Jim Clark, a famous Austin-Healey, and racing diversity unimaginable today
To see one of today’s Formula 1 drivers participating in a club race for production-based sports cars, you’d first have to take a trailer-load of psychedelic drugs, but that’s exactly what thousands of perfectly sober spectators saw for real one Sunday afternoon at Brands Hatch in October 1960. An otherwise insignificant 10-lap event for GT cars was won by a Lotus Elite ahead of a Morgan Plus 4 and an Austin-Healey 3000, with the latter driven by - no, really, rub your eyes and look again! - ascendant F1 star Jim Clark. Earlier that year, Clark had also finished third in two other races: the Le Mans 24 Hours, in a Border Reivers Aston Martin DBR1, and the Portuguese Grand Prix, in a Lotus 18.
When Clark next saw ‘his’ Austin-Healey in action, it was at Kyalami, South Africa, in December 1962. Jimmy was there to race a Lotus 25 in the non-championship Rand Grand Prix, which he won, and the Big Healey was there in the hands of local star Bob Olthoff for a 15-lap support race, which he also won. The previous month, Olthoff had shared the Healey with fellow South African Tony Maggs (second in that year’s French Grand Prix) in the Kyalami Nine Hours. As these were the days before Formula 1 locked itself away behind chain-link fencing, it’s easy to imagine Clark and Olthoff chatting in the Kyalami paddock, Olthoff asking about the elegantly inventive monocoque chassis of the Lotus 25 and Clark recalling his afternoon two years earlier in the Healey.
If Clark told Olthoff why he had accepted an invitation to race the Healey, it’s lost in the mists of time, but a memory held fondly by the Scotsman may well have played a part. Jimmy’s first experience of driving as fast as 100 mph (goodness!) and the first time he earned a mention in a motoring magazine (wow!) was when he slid behind the wheel of an Austin-Healey 100 as an impressionable 19 year-old. The occasion was the 1955 Scottish Rally and the car’s owner, Jimmy’s cousin Billy Potts, had needed a stand-in for his regular co-driver. Just eight years later Jimmy would be World Champion.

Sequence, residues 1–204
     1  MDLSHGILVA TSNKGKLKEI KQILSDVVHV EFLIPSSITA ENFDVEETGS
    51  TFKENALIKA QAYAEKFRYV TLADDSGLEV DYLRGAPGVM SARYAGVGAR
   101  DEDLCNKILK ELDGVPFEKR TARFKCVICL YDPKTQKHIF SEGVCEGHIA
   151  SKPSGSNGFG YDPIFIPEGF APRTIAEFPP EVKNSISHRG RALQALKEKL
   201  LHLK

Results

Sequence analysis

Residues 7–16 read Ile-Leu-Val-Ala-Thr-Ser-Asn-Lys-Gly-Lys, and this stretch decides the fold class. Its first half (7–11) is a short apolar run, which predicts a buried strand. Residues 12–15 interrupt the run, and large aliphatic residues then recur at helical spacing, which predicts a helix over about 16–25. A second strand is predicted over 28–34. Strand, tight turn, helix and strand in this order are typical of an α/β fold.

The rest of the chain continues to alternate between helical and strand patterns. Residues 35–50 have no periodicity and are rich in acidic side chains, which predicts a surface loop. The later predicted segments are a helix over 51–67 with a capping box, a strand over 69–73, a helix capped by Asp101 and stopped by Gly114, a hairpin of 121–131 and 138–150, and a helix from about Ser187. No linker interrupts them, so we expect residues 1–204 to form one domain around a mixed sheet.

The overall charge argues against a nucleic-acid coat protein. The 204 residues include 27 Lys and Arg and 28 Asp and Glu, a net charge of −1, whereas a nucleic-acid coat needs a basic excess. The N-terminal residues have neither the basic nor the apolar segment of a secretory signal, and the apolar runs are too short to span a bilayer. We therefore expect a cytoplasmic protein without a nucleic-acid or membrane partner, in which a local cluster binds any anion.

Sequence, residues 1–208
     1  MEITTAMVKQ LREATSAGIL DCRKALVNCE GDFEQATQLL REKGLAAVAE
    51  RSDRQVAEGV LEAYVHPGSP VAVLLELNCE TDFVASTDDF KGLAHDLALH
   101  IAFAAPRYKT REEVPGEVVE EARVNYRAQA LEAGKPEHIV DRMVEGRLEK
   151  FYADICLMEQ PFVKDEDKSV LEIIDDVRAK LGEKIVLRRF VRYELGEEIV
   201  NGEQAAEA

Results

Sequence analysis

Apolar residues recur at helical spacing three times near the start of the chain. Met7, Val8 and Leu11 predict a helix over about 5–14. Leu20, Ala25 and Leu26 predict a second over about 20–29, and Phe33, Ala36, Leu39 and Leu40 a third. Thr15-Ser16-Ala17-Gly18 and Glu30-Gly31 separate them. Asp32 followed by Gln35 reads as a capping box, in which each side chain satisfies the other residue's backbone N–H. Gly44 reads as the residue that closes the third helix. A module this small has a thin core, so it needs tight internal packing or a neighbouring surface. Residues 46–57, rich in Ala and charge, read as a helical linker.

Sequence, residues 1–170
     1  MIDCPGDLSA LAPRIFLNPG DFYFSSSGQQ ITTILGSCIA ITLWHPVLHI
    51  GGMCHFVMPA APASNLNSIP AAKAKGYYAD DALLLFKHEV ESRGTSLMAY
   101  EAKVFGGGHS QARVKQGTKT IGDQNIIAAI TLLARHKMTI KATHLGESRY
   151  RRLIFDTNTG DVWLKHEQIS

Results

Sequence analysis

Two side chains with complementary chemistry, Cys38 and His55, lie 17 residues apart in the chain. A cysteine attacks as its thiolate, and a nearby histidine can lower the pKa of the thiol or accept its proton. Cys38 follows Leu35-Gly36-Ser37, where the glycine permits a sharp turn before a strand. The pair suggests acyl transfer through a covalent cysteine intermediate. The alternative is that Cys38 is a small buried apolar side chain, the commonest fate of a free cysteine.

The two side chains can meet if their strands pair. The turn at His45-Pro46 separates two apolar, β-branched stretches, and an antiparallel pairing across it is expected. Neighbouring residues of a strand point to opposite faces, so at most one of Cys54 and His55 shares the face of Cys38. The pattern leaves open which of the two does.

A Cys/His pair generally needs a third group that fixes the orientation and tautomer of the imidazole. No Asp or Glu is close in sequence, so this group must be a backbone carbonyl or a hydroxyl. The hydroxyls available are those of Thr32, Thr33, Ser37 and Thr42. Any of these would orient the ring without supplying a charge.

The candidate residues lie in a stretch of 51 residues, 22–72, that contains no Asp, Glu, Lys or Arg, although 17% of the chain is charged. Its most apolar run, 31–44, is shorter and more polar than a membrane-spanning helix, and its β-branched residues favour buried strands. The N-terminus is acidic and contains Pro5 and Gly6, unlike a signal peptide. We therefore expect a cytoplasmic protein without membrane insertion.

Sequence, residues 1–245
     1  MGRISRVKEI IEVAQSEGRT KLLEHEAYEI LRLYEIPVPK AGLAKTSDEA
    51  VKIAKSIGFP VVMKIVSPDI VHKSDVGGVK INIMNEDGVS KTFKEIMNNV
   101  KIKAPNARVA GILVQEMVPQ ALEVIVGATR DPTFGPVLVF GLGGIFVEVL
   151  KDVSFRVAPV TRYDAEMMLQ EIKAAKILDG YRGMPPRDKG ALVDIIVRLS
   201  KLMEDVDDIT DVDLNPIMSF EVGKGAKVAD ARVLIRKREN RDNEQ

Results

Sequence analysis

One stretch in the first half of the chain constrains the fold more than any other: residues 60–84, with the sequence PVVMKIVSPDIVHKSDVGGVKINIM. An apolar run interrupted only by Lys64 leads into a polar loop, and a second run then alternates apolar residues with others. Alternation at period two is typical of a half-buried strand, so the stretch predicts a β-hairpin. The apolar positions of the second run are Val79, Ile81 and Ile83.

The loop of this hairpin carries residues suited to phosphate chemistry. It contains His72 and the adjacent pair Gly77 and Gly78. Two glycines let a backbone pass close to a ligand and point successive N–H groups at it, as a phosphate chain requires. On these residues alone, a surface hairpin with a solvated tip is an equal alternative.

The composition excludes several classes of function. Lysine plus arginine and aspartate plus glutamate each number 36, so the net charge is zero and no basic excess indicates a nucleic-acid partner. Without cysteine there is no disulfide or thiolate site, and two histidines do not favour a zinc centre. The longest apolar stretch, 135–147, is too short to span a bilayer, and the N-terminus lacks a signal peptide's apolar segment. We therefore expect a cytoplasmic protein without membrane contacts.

When both Clark and Olthoff drove the Healey, with its now-famous registration DD 300, it belonged to the Ecurie Chiltern stable. This was owned by newspaper magnate David Dixon, who had also entered DD 300 at Le Mans in ’61 and ’62, following-up its appearance there in 1960 as a works-supported entry made under Jack Sears’s name. After its South African adventure, the car returned to Britain to race at the ’63 Easter Monday meeting at Goodwood and the BRDC International Trophy meeting at Silverstone, before departing from the following year’s Autosport 3 Hours at Snetterton by heading towards the scenery at high speed and end-over-end. This left DD 300 looking like junk, but John Chatham bought the remains, rebuilt the car over the winter of ‘64/’65, and extended its competition life for four more gloriously varied decades. Today the car is a crowd favourite at blue-riband historic events, with race preparation by Denis Welch Motorsport.
This charming tale of one of the most successful Big Healeys of all time - also raced on occasion by inaugural British Saloon Car Champion Peter Riley, Stirling Moss, and club-racing stars Gerry Marshall and Barrie ‘Whizzo’ Williams - is perfect for launching our new entry-level book series, Porter Profiles. Austin-Healey 3000: The story of DD 300 revisits a time when club racers shared the track with F1 stars and when the competition careers of drivers and cars could be so colourfully diverse that they would be unimaginable today without some kind of chemical interference with the brain.
By Phillip Bingham